Aloha is a word that you’ll likely hear frequently on your Hawaii vacation–both a greeting and farewell, the word also has meanings of love, compassion, and peace. We hope that you can fill your vacation with aloha, and the information on this page can help you do just that!
The Hawaiian word Kuleana can be loosely defined as concern or responsibility for one’s environment and community. Hawaii has diverse and unique ecosystems, and we must treat them with respect in order to preserve them. Hawaiian culture is indigenous to the islands, and visitors are often unaware of many aspects of life here. There are many things that visitors can do to prevent damaging the islands: from respecting and keeping to hiking trails to taking steps to protecting the delicate marine and rainforest ecosystems.
Take the Pono Pledge and be Pono (righteous) on the island of Hawai’i.
Protect the Environment and Yourself
Many safety tips for travelling in Hawaii don’t just protect the wildlife, but also you. Staying on paths helps preserve historical sites, endangered animals and species, but also prevents you from getting lost or possibly injured. Please follow all rules and signs while visiting historical sites, valleys, and Kilauea. If you’re unsure of anything, don’t be afraid to ask for guidance. In the ocean, make sure you’re aware of the conditions, and know your limits. Ensure you’re entering and exiting the water from a safe place. Learn more about Hawaii Beaches & Safety, and don’t forget to swim with a buddy–a good option for safety and fun.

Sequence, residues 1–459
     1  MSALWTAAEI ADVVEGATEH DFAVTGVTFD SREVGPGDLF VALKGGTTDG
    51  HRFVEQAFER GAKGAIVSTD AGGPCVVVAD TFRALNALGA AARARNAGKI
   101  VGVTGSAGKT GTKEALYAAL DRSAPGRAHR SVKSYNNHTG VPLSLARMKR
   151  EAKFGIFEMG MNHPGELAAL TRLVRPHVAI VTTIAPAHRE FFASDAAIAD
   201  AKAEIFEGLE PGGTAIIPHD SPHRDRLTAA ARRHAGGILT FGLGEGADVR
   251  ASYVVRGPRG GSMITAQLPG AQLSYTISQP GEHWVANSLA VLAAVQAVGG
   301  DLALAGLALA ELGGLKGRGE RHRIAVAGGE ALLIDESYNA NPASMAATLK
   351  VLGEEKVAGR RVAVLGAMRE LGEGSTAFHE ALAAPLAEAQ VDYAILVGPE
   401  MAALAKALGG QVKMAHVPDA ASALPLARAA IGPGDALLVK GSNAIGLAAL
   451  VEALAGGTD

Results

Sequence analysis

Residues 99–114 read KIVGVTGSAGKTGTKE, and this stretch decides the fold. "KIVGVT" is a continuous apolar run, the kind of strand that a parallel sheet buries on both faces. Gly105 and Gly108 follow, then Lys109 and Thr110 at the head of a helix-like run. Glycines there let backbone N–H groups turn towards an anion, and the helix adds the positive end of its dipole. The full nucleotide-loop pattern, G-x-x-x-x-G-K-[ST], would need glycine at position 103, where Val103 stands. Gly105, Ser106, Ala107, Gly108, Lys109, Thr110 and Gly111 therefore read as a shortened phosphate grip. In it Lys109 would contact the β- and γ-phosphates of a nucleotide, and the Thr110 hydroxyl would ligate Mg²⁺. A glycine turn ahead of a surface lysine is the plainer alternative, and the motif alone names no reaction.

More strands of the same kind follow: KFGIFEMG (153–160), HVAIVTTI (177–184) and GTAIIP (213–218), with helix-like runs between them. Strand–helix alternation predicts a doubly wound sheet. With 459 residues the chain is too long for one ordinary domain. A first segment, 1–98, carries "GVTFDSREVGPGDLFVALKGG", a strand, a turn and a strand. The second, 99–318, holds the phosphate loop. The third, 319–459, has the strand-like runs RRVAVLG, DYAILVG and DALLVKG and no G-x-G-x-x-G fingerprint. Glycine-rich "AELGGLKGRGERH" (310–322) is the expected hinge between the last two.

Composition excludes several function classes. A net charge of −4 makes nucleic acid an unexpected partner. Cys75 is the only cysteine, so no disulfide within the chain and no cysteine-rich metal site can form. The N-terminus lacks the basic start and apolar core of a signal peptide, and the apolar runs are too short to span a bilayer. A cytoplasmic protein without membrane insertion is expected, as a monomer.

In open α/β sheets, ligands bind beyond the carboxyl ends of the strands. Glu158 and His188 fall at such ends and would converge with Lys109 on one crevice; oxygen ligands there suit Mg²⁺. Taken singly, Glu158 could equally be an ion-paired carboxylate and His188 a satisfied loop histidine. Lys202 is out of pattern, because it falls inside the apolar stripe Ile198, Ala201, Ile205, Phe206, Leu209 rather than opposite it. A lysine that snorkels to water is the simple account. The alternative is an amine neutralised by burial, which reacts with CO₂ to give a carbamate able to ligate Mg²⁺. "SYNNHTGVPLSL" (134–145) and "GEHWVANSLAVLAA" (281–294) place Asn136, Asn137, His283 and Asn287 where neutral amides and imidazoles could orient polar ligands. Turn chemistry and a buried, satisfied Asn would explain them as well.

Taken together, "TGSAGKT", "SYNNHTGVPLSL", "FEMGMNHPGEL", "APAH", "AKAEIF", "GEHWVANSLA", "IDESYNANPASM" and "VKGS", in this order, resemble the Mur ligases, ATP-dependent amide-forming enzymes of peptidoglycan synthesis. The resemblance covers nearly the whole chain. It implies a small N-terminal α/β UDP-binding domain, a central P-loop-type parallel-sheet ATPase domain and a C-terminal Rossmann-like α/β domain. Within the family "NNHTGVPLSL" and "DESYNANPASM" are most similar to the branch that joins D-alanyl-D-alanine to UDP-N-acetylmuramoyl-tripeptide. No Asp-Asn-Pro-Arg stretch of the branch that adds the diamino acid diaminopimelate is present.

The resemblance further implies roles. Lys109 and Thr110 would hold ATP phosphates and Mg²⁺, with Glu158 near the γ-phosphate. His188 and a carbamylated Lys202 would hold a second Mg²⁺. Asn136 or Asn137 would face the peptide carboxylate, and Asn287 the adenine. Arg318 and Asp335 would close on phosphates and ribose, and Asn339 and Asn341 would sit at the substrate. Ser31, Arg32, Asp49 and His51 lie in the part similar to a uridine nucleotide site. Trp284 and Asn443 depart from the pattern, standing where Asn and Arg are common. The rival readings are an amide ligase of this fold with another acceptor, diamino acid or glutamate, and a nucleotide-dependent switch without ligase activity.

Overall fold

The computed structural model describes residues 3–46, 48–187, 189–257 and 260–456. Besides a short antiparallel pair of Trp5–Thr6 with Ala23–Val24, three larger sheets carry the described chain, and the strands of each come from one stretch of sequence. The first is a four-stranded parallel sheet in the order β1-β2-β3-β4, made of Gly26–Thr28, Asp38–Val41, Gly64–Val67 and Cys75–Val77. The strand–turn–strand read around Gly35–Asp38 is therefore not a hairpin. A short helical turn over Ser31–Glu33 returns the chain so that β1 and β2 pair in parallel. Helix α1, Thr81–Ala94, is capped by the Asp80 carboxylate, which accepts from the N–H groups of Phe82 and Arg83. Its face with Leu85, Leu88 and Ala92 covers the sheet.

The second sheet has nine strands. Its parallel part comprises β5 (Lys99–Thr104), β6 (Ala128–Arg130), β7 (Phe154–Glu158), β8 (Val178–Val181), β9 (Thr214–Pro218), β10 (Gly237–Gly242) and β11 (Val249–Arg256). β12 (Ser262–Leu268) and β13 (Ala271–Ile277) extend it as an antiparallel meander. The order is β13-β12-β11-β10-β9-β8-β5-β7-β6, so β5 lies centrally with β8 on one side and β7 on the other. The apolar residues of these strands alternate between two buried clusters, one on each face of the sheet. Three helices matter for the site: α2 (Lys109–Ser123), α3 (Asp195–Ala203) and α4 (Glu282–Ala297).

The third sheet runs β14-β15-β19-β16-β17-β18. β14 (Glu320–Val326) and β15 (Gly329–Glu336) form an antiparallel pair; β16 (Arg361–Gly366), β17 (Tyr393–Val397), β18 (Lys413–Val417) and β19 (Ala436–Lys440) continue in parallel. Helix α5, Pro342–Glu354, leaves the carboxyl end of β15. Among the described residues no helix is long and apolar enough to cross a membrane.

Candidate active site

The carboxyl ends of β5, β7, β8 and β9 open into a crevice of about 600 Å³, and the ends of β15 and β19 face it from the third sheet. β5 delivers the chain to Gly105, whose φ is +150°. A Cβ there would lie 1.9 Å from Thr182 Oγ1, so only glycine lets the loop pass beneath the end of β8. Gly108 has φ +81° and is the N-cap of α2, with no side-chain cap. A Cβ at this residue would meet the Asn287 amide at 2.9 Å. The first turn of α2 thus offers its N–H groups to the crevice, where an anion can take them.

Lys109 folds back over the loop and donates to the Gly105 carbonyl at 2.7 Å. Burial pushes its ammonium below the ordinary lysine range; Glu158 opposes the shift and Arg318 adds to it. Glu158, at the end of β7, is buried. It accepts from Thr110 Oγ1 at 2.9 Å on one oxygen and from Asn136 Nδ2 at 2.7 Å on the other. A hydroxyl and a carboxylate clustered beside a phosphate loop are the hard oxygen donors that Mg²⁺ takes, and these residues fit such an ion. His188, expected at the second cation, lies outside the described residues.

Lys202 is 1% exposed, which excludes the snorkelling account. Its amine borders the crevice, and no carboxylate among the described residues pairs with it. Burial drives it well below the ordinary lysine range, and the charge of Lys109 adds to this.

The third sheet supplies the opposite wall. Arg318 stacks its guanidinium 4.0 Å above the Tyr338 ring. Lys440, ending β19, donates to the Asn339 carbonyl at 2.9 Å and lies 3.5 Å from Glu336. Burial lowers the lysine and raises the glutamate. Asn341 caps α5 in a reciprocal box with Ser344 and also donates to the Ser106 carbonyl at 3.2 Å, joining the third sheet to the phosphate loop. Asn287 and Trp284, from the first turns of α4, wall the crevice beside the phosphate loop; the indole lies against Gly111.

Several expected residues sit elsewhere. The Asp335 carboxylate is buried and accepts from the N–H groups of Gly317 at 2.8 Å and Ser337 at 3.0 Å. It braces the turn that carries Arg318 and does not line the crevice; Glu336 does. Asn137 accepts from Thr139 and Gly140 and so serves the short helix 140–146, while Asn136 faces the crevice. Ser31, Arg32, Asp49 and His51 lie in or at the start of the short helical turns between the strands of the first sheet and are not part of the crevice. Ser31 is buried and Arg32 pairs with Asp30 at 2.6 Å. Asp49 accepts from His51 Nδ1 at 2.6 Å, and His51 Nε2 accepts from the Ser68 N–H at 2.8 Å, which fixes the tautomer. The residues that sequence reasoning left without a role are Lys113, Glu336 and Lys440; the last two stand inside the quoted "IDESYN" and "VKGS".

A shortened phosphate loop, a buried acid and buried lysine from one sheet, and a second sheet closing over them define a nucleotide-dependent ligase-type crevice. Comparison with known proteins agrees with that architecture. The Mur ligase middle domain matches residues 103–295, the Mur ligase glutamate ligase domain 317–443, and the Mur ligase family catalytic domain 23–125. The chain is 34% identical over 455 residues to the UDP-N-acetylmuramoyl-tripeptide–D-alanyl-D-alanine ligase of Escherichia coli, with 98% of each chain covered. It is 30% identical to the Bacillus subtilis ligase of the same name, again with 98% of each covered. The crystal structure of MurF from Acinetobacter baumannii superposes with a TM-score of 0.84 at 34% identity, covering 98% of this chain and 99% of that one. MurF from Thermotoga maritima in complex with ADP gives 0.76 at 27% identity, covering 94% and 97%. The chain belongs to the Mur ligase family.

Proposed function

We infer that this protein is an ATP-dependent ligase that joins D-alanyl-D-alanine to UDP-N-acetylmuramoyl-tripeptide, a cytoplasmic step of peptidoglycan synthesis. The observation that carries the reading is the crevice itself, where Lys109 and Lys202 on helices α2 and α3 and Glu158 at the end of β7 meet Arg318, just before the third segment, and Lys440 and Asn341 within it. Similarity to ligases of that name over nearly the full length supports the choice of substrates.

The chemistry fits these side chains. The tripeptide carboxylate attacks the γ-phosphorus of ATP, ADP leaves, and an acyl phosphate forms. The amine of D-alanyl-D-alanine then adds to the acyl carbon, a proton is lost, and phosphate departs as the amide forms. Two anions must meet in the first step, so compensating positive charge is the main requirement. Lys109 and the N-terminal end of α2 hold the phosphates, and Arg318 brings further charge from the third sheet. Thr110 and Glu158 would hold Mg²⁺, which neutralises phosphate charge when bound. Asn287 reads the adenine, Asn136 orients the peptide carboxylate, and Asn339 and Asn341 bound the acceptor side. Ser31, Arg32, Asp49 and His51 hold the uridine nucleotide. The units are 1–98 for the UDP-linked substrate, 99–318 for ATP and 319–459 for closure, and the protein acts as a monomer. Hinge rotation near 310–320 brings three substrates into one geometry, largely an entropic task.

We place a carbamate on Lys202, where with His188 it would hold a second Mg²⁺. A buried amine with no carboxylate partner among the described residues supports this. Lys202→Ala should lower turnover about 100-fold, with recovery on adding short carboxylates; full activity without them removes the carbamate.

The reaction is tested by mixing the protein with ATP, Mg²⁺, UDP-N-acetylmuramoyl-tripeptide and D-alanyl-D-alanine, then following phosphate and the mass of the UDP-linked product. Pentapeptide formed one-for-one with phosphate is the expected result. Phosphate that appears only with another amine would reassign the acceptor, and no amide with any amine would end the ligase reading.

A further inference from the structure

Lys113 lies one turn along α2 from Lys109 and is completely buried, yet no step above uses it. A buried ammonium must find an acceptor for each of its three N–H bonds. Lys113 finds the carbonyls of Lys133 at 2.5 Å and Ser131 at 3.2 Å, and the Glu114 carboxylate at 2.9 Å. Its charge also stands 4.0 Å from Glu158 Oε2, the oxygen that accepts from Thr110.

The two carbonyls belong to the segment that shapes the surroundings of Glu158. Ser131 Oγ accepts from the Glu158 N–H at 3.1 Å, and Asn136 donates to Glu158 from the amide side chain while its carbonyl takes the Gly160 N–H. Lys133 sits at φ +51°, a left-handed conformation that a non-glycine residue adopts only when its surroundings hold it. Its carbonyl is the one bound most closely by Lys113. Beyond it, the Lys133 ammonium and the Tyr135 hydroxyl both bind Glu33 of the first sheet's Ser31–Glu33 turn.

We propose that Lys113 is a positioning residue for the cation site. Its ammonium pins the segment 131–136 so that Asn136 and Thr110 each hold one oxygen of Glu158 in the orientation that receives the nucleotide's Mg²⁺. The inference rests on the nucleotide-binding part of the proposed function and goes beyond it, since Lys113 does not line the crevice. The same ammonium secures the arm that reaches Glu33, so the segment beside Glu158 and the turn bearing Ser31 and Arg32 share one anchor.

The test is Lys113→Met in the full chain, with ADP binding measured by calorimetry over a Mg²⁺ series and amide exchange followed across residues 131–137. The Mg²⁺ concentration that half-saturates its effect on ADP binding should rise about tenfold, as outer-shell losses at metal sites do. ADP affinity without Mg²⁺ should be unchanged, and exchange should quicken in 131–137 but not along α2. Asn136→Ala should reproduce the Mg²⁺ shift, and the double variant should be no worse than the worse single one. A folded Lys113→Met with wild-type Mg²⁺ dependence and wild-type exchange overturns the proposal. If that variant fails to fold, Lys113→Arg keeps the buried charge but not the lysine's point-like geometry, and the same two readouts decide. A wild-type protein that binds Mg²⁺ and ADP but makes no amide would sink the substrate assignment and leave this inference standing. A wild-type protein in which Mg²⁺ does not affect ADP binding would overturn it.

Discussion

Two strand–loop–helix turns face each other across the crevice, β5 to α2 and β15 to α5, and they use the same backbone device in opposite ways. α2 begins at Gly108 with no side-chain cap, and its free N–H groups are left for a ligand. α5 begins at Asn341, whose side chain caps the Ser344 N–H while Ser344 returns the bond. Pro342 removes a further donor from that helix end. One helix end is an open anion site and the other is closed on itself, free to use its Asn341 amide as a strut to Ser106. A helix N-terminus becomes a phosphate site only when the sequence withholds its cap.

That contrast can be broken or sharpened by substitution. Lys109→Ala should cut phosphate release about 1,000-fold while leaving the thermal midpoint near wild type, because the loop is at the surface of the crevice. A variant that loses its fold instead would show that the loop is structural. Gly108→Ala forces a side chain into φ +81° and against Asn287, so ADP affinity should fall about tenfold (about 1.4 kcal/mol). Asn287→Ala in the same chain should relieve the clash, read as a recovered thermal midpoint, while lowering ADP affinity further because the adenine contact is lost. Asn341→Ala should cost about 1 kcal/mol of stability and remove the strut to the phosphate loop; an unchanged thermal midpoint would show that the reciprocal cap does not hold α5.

When it comes to sun protection, many chemicals used in sunscreens can be damaging to reefs. Hawaii has recently banned sunscreens containing reef-damaging chemicals. The best way to protect your skin from the sun and our reefs from sunscreen is by covering up with options like hats and rash guards. Apply sunscreen only to hard-to-cover areas, such as the neck, face, feet, and back of hands. As the harm sunscreen can do has become more known, many protective (and fashionable!) beachwear options have become available. When you are using sunscreen, use a physical blocker such as zinc oxide or titanium oxide. In general, if a sunscreen has a long list of ingredients that’s hard to pronounce, it’s best to avoid it! More specifically, avoid oxybenzone, octinoxate, homosalate, octocrylene, and avobenzone. It’s also best to avoid aerosol sunscreens, as they end up all over everything and will eventually find their way into the ocean. Since sunscreen chemicals will also find their way into the oceans via a refreshing shower, it’s best to use reef-safe sun protection even when not entering the ocean.